According to an IMF report, this debt could slow GDP growth by 0.9% in developed countries and 1.3% in emerging countries over the next three years.
Debt accumulated by individuals and businesses during the pandemic could slow GDP growth by 0.9% in developed countries and 1.3% in emerging markets over the next three years, according to an IMF report released on Monday.
In order to support the economy, governments took extraordinary measures in early 2020, including granting large loans or suspending debt repayments. But this aid has also increased the indebtedness of certain actors, particularly in the hardest-hit sectors such as tourism and hospitality, or of the lowest-income households. “Financially strapped households and vulnerable businesses, the number and proportion of which have increased during the Covid-19 pandemic, are likely to cut spending further, particularly in countries with ineffective bankruptcy regimes and limited fiscal space», explains the IMF.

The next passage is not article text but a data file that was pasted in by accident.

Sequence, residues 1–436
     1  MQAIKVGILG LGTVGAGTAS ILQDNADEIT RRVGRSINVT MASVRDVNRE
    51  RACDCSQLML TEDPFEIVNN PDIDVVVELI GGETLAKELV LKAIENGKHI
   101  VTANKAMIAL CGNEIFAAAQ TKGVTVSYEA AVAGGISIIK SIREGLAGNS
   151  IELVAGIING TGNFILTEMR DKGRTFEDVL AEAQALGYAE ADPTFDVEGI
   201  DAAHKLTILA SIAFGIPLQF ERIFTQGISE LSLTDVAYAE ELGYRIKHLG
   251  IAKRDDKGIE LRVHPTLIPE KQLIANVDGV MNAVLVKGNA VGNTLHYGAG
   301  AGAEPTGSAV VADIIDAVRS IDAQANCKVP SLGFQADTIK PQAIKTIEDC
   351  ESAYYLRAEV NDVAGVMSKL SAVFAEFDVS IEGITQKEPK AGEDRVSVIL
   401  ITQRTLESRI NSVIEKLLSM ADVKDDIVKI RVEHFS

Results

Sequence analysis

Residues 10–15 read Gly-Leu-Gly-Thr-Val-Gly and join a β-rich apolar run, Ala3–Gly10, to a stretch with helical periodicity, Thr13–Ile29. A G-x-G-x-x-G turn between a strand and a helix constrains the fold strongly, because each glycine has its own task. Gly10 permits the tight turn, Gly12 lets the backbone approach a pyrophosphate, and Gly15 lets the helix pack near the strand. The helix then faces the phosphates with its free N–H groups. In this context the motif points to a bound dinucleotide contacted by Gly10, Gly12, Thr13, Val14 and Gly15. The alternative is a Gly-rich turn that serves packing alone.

In order not to make the problems worse, governments must “calibrate the pace of their fiscal consolidation“, recommends the international organization. “Where the recovery is in full swing and financial accounts are solid, fiscal support can be reduced more quickly, making it easier for central banks to do their jobs“, says the report.
Elsewhere, governments may consider targeted measures. For example, by supporting the sectors where insolvencies are most common, or by providing incentives for restructuring rather than liquidation. “In order to relieve the state finances, excessively high profit tax increases could be consideredtakes note of the report. “This would help recover some of the referrals to companies that didn’t need them.»
SEE ALSO – Covid-19: Labor market recovery ‘is incomplete, fragile and uneven’, UN warns